THE RAINFOREST IS A MEASURE OF TIME
A delicate, green film of mould covers a once elegant hardwood floor in the ballroom at the 400-room hotel in Ocean Falls. It was built in 1958 and named Martin Inn, in honour of the paper mill company's executive.
When Ocean Falls was shattered and mostly destroyed in 1985, Martin Inn was abandoned almost fully equipped and furnished. Years later, looters broke windows and destroyed installations looking for copper pipes and cables. The massive hulk of the hotel turned into an artificial reef on dry land, a home to birds, rodents, plants and fungi.
In addition to the Martin Inn and the industrial site pictured above, the high school was one of several concrete buildings that wasn’t destroyed. The abandoned structure held well against the elements until one winter the skylights over the library collapsed under several feet of snow. A dense carpet of ferns and moss now covers the floor. Small trees rise and vines creep up the walls. The echoing sounds of dripping water add to the illusion of being in a cave. Not entirely safe to enter, this space intrigues and invites both exploration and reflection.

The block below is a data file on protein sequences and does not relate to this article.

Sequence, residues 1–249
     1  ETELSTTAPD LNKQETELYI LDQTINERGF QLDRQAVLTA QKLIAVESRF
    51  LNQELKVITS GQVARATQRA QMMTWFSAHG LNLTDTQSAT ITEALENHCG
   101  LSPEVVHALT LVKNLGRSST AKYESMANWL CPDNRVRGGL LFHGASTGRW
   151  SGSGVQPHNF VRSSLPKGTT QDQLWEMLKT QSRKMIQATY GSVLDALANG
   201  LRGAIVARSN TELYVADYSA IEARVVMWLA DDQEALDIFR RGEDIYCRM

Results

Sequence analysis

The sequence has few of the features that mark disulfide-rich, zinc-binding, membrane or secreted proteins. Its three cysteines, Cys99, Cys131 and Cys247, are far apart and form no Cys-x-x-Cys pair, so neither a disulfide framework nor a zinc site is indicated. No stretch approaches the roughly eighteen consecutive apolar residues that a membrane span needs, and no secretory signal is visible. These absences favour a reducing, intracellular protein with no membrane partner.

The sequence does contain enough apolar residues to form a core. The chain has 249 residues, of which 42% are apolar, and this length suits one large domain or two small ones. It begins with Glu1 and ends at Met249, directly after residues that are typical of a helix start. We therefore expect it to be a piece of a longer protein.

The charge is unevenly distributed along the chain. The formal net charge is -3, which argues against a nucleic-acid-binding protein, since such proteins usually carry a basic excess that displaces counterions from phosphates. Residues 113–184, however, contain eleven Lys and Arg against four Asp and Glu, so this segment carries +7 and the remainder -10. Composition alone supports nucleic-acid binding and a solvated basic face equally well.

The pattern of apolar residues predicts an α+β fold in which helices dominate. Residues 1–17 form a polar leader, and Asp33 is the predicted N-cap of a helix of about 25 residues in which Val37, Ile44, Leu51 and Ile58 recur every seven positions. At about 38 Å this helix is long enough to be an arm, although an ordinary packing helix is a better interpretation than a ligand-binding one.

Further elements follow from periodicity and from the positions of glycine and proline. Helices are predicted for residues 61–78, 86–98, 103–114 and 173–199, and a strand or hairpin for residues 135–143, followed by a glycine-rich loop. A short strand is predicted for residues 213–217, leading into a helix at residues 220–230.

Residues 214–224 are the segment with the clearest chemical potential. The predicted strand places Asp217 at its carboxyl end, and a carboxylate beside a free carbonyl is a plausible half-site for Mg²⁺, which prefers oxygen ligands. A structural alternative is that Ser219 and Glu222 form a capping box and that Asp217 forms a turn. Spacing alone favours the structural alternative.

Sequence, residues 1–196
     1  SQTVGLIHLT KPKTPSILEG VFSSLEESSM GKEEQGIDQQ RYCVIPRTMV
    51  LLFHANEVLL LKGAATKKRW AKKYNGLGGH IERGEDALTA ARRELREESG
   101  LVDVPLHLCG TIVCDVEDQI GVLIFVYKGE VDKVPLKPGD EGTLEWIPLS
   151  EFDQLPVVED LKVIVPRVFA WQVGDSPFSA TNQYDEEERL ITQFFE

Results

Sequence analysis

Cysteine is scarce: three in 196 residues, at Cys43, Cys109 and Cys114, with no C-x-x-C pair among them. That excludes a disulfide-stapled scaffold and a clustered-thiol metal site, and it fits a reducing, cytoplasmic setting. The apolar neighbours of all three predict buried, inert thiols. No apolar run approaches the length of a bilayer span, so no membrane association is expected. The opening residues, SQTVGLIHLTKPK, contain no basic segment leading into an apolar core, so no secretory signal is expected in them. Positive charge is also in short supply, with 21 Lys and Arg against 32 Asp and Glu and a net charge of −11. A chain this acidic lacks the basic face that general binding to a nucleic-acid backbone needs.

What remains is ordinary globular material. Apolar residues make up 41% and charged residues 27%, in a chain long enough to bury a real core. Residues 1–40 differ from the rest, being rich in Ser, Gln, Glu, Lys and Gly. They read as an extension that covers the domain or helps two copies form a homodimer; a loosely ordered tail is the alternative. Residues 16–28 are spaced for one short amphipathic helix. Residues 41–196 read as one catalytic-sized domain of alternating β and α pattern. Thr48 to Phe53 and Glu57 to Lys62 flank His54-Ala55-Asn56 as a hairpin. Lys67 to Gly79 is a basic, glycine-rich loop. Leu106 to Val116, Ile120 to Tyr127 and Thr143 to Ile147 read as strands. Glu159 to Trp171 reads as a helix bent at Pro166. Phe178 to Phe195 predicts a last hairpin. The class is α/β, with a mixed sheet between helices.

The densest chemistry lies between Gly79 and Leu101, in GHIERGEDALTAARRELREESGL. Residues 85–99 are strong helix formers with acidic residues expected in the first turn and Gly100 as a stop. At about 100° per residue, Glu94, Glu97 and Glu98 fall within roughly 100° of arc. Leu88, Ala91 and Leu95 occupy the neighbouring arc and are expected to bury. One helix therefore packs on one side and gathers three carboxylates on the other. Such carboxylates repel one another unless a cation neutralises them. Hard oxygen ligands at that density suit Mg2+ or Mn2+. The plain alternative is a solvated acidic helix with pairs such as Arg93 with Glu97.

The library is one of the rare places where the past, the present and the future seem to merge. Here one encounters various times existing parallel—the human time and the rainforest time. Such a thought is not necessarily depressing… Outside of the library, deer are feeding on the patch of yellow garden lilies that went native.
I published a longer version of this story in the GEIST magazine nr.73